My son - now two years-old - understands that my work is linked to milk. He even sometimes asks for it by saying, “masiwa”, which means ‘milk’ in Swahili – a word he learnt from me after I travelled a few times to Kenya.
While for a German toddler, having two to three daily servings of milk or dairy products is a given1, for children in East Africa (especially those in Tanzania and Uganda), this is still a dream.
Protein, including animal protein, is a vital component of a healthy, nourishing diet. In fact, the World Health Organization (WHO) recommends a minimum protein intake of 48-56 grams per day.2 Although several initiatives have been put in place to support these countries in increasing milk production, the reality is that much of the milk is not consumed in the areas in which it’s produced.
If we look at Kenya, the typical meal of a child living in poverty is made out of corn flour-based bread and cabbage,3 resulting in a diet that’s short in key nutrients like iron, vitamin A, and iodine.4 This has serious ramifications for their health and development and creates an unequal food system that prevents the country’s most vulnerable populations from thriving.
A landmark observational study in Kenya demonstrates that when children’s diets are supplemented with milk, learning and resulting test scores improve by an average of 28 per cent.5 While Kenya’s consumption is ahead of other countries in the region with 91 litres per capita, Tanzania and Uganda have a per capita milk consumption of just 50 litres per annum or less.6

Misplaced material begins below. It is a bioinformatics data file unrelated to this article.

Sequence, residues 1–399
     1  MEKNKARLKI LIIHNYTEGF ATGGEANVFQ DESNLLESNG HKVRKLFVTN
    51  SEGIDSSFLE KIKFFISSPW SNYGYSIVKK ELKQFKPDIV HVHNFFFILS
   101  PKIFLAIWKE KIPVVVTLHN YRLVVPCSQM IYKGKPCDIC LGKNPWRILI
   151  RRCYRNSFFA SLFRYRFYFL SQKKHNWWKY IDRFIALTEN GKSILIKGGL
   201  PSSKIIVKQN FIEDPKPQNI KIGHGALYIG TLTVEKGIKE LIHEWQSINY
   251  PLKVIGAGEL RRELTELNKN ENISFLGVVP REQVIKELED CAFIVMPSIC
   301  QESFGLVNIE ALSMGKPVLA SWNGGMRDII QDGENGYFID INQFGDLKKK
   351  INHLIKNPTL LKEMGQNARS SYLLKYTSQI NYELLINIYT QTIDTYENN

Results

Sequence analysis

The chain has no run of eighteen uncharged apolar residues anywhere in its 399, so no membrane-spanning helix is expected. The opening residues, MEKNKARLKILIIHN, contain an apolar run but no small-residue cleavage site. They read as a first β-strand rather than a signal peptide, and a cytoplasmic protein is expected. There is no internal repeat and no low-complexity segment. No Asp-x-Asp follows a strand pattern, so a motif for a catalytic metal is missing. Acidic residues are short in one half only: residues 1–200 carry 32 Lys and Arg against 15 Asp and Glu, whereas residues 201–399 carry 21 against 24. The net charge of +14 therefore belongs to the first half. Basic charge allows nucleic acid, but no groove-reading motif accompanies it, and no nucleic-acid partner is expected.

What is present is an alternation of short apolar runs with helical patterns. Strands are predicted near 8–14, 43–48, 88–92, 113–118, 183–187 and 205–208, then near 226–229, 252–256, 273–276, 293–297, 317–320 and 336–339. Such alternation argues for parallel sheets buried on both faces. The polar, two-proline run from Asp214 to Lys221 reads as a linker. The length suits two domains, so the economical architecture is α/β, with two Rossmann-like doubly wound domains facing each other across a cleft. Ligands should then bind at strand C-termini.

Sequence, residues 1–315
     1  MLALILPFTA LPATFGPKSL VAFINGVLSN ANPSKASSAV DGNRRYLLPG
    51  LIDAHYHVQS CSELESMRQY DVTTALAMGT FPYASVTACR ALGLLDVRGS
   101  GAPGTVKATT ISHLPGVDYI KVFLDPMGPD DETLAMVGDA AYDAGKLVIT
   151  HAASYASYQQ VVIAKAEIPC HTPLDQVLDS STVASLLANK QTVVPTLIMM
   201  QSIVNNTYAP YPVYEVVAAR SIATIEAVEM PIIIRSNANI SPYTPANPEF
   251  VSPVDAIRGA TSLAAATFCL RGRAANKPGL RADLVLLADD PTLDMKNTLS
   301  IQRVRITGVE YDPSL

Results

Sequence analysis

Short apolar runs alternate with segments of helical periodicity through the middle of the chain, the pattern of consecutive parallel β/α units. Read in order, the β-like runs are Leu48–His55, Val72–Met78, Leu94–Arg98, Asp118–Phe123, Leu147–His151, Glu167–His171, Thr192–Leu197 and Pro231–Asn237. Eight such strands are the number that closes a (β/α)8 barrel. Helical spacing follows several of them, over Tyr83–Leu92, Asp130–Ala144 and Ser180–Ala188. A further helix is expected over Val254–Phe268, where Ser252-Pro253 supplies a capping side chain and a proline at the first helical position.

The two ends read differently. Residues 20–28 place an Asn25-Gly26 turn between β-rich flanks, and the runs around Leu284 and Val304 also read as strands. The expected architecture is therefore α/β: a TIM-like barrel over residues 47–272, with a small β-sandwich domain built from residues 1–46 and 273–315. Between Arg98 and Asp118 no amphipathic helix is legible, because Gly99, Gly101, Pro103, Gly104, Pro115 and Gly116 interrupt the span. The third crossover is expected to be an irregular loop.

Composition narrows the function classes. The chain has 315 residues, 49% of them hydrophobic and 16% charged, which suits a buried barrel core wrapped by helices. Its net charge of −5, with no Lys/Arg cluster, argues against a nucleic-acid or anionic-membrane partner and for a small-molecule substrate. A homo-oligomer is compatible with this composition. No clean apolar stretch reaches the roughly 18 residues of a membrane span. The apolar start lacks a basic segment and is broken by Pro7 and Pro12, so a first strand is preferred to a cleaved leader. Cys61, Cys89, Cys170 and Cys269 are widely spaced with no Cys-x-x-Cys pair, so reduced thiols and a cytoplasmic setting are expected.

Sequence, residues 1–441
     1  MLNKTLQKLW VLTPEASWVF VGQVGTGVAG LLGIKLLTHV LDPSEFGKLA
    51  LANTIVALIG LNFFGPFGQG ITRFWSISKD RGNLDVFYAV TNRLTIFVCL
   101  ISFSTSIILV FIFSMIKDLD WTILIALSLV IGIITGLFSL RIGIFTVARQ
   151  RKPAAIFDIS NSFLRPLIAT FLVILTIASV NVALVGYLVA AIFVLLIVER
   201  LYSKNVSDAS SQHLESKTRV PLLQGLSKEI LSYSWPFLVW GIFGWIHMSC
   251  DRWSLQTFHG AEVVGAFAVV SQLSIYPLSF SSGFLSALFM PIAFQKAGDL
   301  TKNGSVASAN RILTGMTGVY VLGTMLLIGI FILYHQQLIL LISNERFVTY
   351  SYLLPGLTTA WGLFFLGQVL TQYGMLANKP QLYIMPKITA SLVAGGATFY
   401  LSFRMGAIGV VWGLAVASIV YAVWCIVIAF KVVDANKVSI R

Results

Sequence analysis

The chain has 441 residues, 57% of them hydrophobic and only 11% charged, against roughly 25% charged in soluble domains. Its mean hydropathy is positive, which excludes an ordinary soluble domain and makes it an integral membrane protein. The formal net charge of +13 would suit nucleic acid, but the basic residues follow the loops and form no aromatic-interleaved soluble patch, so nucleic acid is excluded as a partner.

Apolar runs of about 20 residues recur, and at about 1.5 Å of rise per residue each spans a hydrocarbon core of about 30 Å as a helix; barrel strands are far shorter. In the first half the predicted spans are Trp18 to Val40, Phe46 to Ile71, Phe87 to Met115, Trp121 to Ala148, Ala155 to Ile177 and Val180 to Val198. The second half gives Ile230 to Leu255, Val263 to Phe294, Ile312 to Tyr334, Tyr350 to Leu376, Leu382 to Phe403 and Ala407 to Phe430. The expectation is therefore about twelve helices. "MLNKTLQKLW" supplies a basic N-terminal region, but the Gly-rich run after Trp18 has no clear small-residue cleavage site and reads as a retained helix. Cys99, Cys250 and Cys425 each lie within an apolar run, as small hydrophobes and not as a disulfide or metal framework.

As an international animal health business, Elanco aims to support dairy farmers in supplying their communities with more quality milk by helping improve animal health and reducing animal mortality. In East Africa, we do this through the East Africa Growth Accelerator (EAGA) project, an initiative possible thanks to a $3.1 million grant from the Bill & Melinda Gates Foundation, which I have the privilege to lead.
The initiative aims to empower dairy farmers and improve production, through making animal medicines accessible and providing training on disease awareness, prevention and treatment.
I am proud to be part of the EAGA initiative, which will help give children as young as my son a new reality – one where protein-rich masiwa is plentiful, and so are their opportunities for the future.
1 Dror, DK, Allen LH. 2013. Dairy product intake in children and adolescents in developed countries: trends, nutritional contribution, and a review of association with health outcomes. Nutrition Reviews® Vol. 72(2):68–81 73
2 National Academies Press. Dietary Reference Intakes: Macronutrients. Retrieved from https://iom.nationalacademies.org/~/media/Files/Activity%20Files/Nutrition/DRIs/DRI_Macronutrients.pdf
3 Global Alliance for Improved Nutrition. Malnutrition: What barriers do the people of Kenya face? Retrieved from http://www.gainhealth.org/knowledge-centre/malnutrition-what-barriers-do-the-people-of-kenya-face/
4 Food and Agriculture Organization of the United Nations. 2012. The State of Food Insecurity in the World. Retrieved from http://www.fao.org/docrep/016/i3027e/i3027e.pdf
5 Neumann, C.G., et al. 2007. Meat Supplementation Improves Growth, Cognitive, and Behavioral Outcomes in Kenyan Children. The Journal of Nutrition 137, no. 4
6 Makoni, N; Mwai, R; Redda, T; Zijpp, A. van der; Lee, J. van der. 2013. White Gold; Opportunities for Dairy Sector Development Collaboration in East Africa. Centre for Development Innovation, Wageningen UR (University & Research centre). CDI report CDI-14-006. Wageningen.